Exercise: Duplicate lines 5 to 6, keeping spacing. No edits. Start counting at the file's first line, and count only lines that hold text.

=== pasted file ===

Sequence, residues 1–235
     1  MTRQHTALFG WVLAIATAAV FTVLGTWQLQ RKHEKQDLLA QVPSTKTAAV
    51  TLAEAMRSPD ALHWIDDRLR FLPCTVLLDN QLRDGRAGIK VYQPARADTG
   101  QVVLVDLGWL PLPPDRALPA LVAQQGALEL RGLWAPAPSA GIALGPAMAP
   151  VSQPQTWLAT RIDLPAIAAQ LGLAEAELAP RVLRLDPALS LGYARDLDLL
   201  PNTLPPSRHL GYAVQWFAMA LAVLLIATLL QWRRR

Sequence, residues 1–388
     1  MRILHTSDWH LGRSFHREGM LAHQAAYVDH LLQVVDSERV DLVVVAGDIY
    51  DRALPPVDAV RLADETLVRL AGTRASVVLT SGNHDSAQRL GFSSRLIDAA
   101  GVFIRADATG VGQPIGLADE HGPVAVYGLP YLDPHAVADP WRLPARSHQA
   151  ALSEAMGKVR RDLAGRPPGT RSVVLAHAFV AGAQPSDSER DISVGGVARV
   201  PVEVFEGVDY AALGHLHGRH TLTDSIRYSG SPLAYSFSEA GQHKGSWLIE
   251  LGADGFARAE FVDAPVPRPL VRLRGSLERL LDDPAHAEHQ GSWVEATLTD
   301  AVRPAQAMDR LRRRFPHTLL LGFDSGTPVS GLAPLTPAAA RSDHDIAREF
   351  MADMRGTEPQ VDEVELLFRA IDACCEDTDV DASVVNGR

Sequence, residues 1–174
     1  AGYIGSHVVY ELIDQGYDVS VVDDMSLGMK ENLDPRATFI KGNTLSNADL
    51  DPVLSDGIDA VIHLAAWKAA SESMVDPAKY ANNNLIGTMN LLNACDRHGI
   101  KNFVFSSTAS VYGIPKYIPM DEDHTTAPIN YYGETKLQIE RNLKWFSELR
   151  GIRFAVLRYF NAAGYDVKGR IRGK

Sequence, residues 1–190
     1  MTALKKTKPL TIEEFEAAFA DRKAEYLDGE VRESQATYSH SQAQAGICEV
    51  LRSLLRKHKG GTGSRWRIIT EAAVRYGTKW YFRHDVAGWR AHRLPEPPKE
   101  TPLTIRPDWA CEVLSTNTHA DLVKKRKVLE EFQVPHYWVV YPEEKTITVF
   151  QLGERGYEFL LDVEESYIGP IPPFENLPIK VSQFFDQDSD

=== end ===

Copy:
   151  VSQPQTWLAT RIDLPAIAAQ LGLAEAELAP RVLRLDPALS LGYARDLDLL
   201  PNTLPPSRHL GYAVQWFAMA LAVLLIATLL QWRRR